Is the worst over?
Just as San Jose, Calif., was planning to open four new library branches, a community center and a regional police substation, the city was hit full force by the worst economic storm since the Great Depression. Without funds to operate the facilities, the city had to forego ribbon-cutting ceremonies and a grand opening and instead installed lengths of chain-link fencing to help protect buildings that have remained unoccupied, at least for now. In the past decade, the city has reduced its workforce by almost 30 percent, falling from about 7,450 to about 5,400 employees today. Slightly more than 75 percent of those position reductions occurred in the last three years.
Despite the financial hit, the tide may be turning in San Jose, with the first budget surplus — albeit less than 1 percent — in nine years and even the prospect of hiring back a few positions in areas that suffered disproportionately, says Kim Walesh, the city’s director of economic development and chief strategist. The city’s 2012–2013 proposed budget includes recommended funding for opening the four branch libraries and the community center. The opening of the police substation, however, is recommended to be deferred for another year to direct funding toward gang prevention.
“The last several months, it seems fundamentally different,” Walesh says. “Like there’s light at the end of the tunnel. We don’t see any more painful layoffs and service reductions.”
Though the scene is uneven nationally, recent data indicate that the drastic shrinking of employment in the public sector may be over, with hopeful signs of a rebound in some pockets benefitting from an improved economy. If the current trends continue, government officials across the nation would breathe a collective sigh of relief. “It’s a challenge predicting with any crystal ball,” says Elizabeth Kellar, president and chief executive officer of the Center for State and Local Government (SLGE), a Washington-based think tank on local government workforce issues. “But I would not expect any major layoffs in the near future.”
Recent numbers foster optimism that the scene may brightening, even if only in comparison to the recent trauma. In March 2011, the U.S. Department of Labor reported 15,000 state and local employees lost their jobs. A year later, the number of layoffs had dwindled to 1,000 for the month, though it blipped up by 3,100 in April. Most notably, local government layoffs from January through March 2012 totaled only 3,700 employees, or 0.1 percent.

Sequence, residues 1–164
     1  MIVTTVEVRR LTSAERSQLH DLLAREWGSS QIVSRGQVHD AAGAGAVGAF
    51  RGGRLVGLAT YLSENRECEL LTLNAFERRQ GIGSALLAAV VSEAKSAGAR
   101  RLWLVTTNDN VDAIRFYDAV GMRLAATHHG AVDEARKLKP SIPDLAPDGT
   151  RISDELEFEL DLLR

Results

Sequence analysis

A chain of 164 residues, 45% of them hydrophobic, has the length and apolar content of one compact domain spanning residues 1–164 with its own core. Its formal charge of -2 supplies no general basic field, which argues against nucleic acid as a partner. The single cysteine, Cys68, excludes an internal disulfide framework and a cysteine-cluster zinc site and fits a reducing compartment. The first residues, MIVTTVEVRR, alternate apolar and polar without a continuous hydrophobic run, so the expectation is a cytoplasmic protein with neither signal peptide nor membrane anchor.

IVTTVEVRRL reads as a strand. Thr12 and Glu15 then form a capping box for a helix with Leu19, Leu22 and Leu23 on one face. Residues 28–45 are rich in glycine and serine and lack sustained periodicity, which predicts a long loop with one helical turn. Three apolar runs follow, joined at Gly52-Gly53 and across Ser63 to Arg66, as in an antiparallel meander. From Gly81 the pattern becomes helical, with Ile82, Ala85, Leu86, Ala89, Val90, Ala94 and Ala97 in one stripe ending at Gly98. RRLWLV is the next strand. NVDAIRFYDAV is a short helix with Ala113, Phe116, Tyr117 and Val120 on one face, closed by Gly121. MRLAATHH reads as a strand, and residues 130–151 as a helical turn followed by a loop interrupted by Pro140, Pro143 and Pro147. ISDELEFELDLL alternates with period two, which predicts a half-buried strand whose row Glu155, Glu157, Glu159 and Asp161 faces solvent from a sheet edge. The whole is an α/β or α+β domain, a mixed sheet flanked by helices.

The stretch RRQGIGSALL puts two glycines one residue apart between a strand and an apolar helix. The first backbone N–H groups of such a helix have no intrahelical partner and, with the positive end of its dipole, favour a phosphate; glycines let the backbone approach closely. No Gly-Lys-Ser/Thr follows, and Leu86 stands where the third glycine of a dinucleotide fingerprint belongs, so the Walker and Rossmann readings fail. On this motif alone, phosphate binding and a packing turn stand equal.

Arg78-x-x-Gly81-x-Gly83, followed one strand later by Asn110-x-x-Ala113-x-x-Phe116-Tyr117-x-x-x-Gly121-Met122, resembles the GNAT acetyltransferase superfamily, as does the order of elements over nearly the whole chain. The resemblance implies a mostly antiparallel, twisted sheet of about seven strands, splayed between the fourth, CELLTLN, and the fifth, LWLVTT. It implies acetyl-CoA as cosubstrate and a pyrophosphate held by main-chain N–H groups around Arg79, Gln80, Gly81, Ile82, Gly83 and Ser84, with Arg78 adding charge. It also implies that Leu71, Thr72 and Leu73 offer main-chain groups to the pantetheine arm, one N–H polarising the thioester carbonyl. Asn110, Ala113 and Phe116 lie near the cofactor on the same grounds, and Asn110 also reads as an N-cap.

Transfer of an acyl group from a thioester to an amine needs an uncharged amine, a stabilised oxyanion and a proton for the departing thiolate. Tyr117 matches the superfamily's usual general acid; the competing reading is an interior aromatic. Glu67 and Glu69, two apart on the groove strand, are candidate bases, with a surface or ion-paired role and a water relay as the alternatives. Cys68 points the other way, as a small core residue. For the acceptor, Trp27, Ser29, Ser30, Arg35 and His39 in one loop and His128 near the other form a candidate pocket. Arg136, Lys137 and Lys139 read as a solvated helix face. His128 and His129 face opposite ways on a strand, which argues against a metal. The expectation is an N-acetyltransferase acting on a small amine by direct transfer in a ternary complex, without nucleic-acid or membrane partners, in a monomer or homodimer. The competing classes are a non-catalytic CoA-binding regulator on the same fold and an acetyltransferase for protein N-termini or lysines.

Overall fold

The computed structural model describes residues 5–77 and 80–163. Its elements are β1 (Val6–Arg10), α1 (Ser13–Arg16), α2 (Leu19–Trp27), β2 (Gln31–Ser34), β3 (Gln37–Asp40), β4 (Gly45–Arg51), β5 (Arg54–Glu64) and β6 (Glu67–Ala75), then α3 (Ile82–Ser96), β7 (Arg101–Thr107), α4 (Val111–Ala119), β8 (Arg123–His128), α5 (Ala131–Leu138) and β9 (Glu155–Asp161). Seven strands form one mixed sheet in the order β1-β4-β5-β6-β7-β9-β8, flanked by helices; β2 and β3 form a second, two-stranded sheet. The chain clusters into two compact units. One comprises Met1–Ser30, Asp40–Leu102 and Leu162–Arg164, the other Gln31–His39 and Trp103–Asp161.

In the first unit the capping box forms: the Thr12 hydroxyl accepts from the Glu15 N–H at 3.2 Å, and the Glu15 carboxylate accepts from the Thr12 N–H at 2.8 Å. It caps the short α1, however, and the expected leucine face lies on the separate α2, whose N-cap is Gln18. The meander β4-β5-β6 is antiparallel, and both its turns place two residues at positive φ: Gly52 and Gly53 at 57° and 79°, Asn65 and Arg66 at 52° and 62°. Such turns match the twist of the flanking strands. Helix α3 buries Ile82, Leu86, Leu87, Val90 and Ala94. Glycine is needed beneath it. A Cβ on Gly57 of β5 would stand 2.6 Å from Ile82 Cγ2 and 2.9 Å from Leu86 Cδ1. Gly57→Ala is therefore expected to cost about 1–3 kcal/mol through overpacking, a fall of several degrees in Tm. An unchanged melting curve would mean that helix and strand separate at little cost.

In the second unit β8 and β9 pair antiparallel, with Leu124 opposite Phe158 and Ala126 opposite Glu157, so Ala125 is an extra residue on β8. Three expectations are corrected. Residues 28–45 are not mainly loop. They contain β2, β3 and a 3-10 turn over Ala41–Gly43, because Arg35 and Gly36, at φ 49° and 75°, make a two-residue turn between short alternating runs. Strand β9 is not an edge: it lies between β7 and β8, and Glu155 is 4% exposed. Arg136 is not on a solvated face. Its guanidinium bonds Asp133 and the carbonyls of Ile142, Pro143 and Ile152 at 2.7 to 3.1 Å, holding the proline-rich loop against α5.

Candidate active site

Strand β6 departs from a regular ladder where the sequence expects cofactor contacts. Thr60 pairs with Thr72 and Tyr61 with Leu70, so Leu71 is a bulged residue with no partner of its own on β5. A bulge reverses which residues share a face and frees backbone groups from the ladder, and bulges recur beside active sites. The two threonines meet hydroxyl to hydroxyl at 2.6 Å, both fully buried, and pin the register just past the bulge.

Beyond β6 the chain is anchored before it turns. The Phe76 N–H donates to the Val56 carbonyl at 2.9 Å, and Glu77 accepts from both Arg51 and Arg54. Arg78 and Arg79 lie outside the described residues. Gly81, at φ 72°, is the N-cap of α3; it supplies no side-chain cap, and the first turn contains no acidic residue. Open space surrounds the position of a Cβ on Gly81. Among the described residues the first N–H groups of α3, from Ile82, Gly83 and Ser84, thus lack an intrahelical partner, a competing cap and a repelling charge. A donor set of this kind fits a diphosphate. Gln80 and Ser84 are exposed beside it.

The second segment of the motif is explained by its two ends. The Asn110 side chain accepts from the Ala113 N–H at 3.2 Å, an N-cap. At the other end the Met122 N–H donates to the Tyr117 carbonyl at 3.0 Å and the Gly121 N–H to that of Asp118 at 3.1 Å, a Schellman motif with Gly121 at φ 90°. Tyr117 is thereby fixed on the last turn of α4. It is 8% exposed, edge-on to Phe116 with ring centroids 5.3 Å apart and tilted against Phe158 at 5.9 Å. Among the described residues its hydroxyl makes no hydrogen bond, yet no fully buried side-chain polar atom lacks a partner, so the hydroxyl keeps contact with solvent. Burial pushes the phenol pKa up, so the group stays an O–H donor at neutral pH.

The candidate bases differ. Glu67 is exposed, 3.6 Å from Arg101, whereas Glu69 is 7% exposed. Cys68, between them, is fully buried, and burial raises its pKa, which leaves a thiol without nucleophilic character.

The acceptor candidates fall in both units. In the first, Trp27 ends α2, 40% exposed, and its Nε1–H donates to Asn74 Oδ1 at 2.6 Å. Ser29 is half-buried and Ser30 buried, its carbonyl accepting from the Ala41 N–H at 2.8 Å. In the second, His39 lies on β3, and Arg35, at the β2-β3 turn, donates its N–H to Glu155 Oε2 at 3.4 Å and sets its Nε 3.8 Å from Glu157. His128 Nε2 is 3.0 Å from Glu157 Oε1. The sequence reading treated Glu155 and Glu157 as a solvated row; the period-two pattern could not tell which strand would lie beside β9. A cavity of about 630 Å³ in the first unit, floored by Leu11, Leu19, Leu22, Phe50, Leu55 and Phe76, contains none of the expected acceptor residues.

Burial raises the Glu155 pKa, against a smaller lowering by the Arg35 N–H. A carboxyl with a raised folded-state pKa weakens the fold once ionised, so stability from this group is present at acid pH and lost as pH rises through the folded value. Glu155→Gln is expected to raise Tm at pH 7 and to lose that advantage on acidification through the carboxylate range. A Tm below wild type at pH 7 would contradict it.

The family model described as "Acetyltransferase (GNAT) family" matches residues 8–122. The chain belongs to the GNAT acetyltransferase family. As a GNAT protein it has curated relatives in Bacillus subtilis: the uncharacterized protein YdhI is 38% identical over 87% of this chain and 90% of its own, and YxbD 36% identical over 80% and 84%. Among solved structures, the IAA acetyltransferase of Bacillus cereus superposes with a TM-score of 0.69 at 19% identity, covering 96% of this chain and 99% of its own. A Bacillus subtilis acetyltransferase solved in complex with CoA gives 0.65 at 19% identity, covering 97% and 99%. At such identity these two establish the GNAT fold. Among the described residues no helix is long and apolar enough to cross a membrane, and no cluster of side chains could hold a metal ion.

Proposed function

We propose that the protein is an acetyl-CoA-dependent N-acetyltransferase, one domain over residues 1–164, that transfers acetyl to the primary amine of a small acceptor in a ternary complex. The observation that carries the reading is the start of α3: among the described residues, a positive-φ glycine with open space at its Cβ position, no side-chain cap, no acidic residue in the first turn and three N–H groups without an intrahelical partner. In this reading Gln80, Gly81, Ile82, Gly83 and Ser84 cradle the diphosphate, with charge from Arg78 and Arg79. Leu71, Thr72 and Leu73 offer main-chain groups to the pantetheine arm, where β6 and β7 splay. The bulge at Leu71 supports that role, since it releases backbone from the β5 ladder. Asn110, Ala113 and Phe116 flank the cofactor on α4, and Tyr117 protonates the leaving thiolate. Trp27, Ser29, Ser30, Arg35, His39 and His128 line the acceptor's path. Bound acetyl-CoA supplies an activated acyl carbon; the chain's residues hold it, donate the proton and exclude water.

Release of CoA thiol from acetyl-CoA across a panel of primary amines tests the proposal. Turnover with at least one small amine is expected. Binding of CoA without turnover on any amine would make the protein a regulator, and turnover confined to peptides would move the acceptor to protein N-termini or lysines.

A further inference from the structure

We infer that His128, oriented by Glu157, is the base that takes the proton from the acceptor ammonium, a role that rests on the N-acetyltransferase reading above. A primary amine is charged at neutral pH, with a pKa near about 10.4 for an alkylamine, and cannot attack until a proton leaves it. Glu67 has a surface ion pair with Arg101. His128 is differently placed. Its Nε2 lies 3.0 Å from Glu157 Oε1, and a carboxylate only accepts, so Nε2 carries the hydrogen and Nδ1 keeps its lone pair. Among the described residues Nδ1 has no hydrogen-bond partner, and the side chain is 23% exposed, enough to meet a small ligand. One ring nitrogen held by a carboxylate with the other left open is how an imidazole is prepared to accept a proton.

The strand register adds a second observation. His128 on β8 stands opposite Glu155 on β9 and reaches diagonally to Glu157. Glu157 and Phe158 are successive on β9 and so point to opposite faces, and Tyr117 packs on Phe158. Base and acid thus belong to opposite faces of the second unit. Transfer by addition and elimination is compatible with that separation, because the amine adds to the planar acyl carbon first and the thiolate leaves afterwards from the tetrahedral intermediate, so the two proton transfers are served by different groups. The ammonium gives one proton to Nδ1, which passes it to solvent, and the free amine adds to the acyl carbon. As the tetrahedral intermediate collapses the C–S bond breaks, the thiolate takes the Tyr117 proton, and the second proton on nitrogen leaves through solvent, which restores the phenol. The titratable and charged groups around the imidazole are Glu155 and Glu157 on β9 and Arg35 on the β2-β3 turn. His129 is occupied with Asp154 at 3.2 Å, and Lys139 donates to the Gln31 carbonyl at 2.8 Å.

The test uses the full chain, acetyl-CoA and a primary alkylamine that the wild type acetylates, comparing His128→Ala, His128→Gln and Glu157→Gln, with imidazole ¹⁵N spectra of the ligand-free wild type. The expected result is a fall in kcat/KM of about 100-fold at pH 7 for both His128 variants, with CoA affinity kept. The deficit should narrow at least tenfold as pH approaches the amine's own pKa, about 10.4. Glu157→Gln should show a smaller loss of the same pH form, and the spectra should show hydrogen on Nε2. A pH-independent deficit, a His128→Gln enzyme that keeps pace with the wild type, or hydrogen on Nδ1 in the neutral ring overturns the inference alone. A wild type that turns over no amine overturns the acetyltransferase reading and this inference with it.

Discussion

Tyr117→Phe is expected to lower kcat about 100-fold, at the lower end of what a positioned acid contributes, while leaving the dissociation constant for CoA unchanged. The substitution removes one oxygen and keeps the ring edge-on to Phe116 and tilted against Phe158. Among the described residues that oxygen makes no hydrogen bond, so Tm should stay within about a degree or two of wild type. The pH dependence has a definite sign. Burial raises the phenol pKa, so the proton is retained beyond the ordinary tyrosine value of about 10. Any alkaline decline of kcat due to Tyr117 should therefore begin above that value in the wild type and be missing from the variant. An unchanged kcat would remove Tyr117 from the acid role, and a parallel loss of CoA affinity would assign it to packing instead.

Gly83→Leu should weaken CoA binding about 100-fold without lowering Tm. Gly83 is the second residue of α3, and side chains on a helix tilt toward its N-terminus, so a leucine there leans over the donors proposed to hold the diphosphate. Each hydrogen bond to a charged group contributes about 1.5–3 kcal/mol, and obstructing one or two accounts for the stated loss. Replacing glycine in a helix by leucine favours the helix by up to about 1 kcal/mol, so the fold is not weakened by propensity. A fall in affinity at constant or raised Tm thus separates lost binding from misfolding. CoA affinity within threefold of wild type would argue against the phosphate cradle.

A recent report from SLGE confirms that state and local governments are slowing the pace of layoffs in 2012. The survey of government human resources officials from February 27 to March 13 found that 28 percent of employers are seeing layoffs this year, down from 40 percent in last year’s survey.
“The worst of the decline seems to have leveled off,” says Elizabeth McNichol, a senior fellow at the Center on Budget and Policy Priorities, a Washington budget think tank. “But there will be a long climb back out of the hole.”
The effect on revenue
State and local governments took a double hit from the recession. Not only was employment savaged, but so was the property tax base, the economic underpinning of state and local finances, which in the past had continued to grow even during recessions.
For 2011, overall city government revenues were projected to fall by 2.3 percent, the fifth straight year of declines, according to the National League of Cities (NLC), the Washington-based advocate for the nation’s cities. Its annual report on city fiscal conditions, which was released in September 2011, projected a 3.7 percent fall in property tax revenue in 2011, with further declines expected in 2012 and 2013. The previous year’s (2010 vs. 2009) 2 percent drop was the first year-to-year decline in city property tax revenues in 15 years, according to the report.
But data released in March 2012 by the Census Bureau brought more encouraging news, showing that total tax revenue for state and local government rose 4.5 percent last year, the biggest gain since 2006, and property taxes have increased for two consecutive quarters. “The worst might be over in the aggregate,” says Chris Hoene, NLC’s director of the Center for Research and Innovation, “but it masks dramatic variations.”